UA Students Develop Mobile Apps, Games

Four UA computer science students who started out taking an introductory program are now developing apps and games for Apple and Android mobile devices.
March 29, 2011
"Highway King," a new game for the iPad, was designed and developed by a four-member team UA computer science seniors. (Photo courtesy of Objective Coders LLC)
"Highway King," a new game for the iPad, was designed and developed by a four-member team UA computer science seniors. (Photo courtesy of Objective Coders LLC)
The UA group's new app is "Highway King." James Magahern said "Highway King" was loosely modeled after other iPhone games such as "Flight Control" and "Harbor Master" apps. "We thought the additional physical constraints we would provide a series of much more challenging tasks for the player to accomplish." (Photo courtesy of Objective Coders LLC)
The UA group's new app is "Highway King." James Magahern said "Highway King" was loosely modeled after other iPhone games such as "Flight Control" and "Harbor Master" apps. "We thought the additional physical constraints we would provide a series of much more challenging tasks for the player to accomplish." (Photo courtesy of Objective Coders LLC)
Left to right: Cody Jorgensen, James Magahern, Charles Magahern and Tom Smallwood. Charles Magahern said: "I'm drawn to Apple products because there is a distinguishable amount of attention-to-detail that goes into the design of their products." (Photo by Beatriz Verdugo/UANews)
Left to right: Cody Jorgensen, James Magahern, Charles Magahern and Tom Smallwood. Charles Magahern said: "I'm drawn to Apple products because there is a distinguishable amount of attention-to-detail that goes into the design of their products." (Photo by Beatriz Verdugo/UANews)
James Magahern and Tom Smallwood and their collaborators develop their own apps, but they also work for paying clients. (Photo by Beatriz Verdugo/UANews)
James Magahern and Tom Smallwood and their collaborators develop their own apps, but they also work for paying clients. (Photo by Beatriz Verdugo/UANews)

It began as a hobby – an obsession, really – around mobile applications and a desire to create products with strong entertainment appeal and great usability.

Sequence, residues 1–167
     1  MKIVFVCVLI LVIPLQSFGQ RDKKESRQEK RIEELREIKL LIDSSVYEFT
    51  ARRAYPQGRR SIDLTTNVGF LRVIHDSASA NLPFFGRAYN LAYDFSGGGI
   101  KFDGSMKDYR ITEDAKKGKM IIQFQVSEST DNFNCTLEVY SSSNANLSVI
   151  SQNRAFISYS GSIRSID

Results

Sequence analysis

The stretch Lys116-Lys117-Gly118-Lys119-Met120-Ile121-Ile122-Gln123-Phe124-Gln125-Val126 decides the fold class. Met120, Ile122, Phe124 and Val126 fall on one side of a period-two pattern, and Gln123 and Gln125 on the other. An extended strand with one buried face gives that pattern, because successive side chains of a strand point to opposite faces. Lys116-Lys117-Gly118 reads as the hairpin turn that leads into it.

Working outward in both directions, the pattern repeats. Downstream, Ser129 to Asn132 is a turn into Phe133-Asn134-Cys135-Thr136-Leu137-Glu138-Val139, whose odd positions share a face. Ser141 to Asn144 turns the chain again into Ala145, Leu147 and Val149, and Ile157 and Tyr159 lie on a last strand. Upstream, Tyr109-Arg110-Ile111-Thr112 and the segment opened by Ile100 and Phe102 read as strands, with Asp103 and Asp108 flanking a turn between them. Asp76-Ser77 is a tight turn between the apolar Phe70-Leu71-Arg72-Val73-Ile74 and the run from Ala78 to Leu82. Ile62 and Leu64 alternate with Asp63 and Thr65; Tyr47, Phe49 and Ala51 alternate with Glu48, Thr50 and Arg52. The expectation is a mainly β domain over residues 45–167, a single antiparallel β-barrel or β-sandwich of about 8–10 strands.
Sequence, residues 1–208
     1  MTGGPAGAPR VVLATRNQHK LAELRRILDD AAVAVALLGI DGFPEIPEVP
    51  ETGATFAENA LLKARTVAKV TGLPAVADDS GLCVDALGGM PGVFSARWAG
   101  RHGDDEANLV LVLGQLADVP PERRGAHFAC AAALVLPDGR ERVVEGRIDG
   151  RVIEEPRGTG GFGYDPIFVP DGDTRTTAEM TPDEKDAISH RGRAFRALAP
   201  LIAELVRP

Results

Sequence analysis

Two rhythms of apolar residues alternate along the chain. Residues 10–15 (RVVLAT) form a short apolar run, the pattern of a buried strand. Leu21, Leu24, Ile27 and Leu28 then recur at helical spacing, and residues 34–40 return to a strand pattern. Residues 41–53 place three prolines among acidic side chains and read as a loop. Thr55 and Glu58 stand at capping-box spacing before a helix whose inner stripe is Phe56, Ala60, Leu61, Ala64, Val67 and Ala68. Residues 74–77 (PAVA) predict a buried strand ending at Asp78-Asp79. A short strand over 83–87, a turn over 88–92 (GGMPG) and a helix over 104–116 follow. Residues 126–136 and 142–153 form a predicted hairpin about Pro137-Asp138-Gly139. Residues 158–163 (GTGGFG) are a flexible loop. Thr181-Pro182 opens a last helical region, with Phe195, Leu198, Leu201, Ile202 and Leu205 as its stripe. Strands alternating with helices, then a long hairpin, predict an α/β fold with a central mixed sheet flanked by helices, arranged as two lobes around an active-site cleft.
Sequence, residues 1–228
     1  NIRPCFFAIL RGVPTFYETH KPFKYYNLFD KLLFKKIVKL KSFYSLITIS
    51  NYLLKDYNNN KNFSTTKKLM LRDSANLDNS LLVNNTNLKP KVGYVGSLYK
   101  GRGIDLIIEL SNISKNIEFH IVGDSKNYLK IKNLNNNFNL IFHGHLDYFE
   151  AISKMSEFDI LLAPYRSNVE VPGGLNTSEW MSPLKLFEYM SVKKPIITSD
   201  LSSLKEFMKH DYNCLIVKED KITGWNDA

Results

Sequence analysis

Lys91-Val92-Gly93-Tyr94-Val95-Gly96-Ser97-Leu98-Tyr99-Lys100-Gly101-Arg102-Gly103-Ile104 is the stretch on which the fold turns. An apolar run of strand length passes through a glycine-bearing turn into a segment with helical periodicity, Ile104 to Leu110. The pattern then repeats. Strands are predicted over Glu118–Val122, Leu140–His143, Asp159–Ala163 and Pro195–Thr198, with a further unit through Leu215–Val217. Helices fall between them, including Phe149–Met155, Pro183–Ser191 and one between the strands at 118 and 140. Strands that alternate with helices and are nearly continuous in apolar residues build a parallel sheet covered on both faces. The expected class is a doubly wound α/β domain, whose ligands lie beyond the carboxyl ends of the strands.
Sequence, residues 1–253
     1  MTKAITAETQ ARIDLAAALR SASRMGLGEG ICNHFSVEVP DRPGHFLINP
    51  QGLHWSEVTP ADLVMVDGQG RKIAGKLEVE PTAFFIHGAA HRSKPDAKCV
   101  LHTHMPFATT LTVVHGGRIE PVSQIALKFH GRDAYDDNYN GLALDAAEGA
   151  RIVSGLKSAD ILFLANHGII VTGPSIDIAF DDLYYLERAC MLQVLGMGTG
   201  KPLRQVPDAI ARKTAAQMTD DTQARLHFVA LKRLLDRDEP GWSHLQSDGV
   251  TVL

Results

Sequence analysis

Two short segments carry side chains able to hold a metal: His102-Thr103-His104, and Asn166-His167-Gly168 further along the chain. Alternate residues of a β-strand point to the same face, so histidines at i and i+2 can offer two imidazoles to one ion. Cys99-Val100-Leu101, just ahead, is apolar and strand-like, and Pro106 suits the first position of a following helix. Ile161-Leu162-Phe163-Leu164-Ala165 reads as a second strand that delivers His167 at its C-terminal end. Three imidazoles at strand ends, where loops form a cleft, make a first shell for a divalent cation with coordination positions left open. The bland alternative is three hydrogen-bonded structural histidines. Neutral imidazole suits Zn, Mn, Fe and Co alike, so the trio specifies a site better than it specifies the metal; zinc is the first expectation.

During their studies in the University of Arizona's computer science department, twin brothers Charles and James Magahern met UA seniors Thomas Smallwood and Cody Jorgensen, an Honors College student, and set out to develop apps during their down time. 

The four – all computer science majors; each a technology and software development fanatic – have since begun developing games and other apps for the iPad, iPhone, iPod and Android-based mobile products under an established Tucson-based company. 

"Games are the most challenging programming projects a developer can take on, but also one of the most rewarding," said James Magahern, a UA junior along with his brother. 

Last year, Smallwood and Jorgensen launched Objective Coders LLC and have continued to work with the Magaherns develop apps for individual clients while continuing to create their own.

Their most recent addition is "Highway King," an iPhone app recently released with JMJ Mobile Applications and OmegaHern LLC, mobile and software development companies, also in Tucson. 

"For our first game, it's been pretty successful," Smallwood said.

The multi-level game, developed for a client, allows users to drive semi-trailer trucks through a series of obstacles. Users can also compete with other players. 

And since it was uploaded to the Apple App Store in February, the game has been downloaded more than 1,200 times. 

"As a group of individuals who play iPhone games ourselves, the thrill in having complete control over our very own game is fantastic," said James Magahern, who owns an iPhone, iPad and a Palm Pre.

"These days, the best apps are not those with the most features, it's those that are the most polished. User experience is the most important thing," he also said. 

"Most people won't notice small details like the commuter cars in Highway King even if asked, but it's this attention to detail that's focused on all parts of the game that make an app truly "polished," Magahern added.

Also, the Smallwood and Jorgensen have launched FaceBar for the Mac. The application allows users to access their Facebook acounts – and their photos, news feed, inbox, friends and other features – more quickly without having to go through the network's site. 

"It is now by far our most successful app we have had," Smallwood said, noting that the application reached number 56 in the top paid sites in the Apple App Store. "It's an amazing accomplishment for us." 

The team's first app was Twitscape, a location-based app released last year that is still available via Apple's App Store. Through the app, users are able to read what area Twitter users are tweeting about in real time. 

The group also has developed other apps that inform users on how to match their wardrobe to the current weather conditions and also an interactive children's book.

The team also has plans to release improved versions of "Highway King" and have also recently released a number of other apps, including an eBay calculator and another that would enable people visiting local establishments to be able to connect and converse with one another.

"We have a good team," Smallwood said. "We're just getting started though."